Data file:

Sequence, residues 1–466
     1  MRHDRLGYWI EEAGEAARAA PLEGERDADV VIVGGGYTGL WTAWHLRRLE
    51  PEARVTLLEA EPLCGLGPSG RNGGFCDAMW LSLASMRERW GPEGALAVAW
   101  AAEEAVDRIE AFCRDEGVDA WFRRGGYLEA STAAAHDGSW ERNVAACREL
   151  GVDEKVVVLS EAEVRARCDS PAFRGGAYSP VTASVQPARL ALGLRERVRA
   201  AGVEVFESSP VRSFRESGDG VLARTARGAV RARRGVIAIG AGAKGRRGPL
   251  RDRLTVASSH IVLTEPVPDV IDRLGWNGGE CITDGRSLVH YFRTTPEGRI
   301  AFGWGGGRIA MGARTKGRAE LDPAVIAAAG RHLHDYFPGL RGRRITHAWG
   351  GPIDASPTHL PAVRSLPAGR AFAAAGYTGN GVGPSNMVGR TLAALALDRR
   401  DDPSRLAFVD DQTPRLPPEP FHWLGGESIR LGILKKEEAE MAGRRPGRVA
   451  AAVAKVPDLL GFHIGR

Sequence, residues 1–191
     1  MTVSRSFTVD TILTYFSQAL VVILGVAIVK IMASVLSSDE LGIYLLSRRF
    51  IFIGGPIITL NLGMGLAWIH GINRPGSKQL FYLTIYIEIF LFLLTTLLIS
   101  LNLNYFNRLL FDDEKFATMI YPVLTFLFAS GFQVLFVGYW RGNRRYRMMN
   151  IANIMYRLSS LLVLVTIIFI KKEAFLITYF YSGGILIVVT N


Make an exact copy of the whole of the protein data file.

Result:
Sequence, residues 1–466
     1  MRHDRLGYWI EEAGEAARAA PLEGERDADV VIVGGGYTGL WTAWHLRRLE
    51  PEARVTLLEA EPLCGLGPSG RNGGFCDAMW LSLASMRERW GPEGALAVAW
   101  AAEEAVDRIE AFCRDEGVDA WFRRGGYLEA STAAAHDGSW ERNVAACREL
   151  GVDEKVVVLS EAEVRARCDS PAFRGGAYSP VTASVQPARL ALGLRERVRA
   201  AGVEVFESSP VRSFRESGDG VLARTARGAV RARRGVIAIG AGAKGRRGPL
   251  RDRLTVASSH IVLTEPVPDV IDRLGWNGGE CITDGRSLVH YFRTTPEGRI
   301  AFGWGGGRIA MGARTKGRAE LDPAVIAAAG RHLHDYFPGL RGRRITHAWG
   351  GPIDASPTHL PAVRSLPAGR AFAAAGYTGN GVGPSNMVGR TLAALALDRR
   401  DDPSRLAFVD DQTPRLPPEP FHWLGGESIR LGILKKEEAE MAGRRPGRVA
   451  AAVAKVPDLL GFHIGR

Sequence, residues 1–191
     1  MTVSRSFTVD TILTYFSQAL VVILGVAIVK IMASVLSSDE LGIYLLSRRF
    51  IFIGGPIITL NLGMGLAWIH GINRPGSKQL FYLTIYIEIF LFLLTTLLIS
   101  LNLNYFNRLL FDDEKFATMI YPVLTFLFAS GFQVLFVGYW RGNRRYRMMN
   151  IANIMYRLSS LLVLVTIIFI KKEAFLITYF YSGGILIVVT N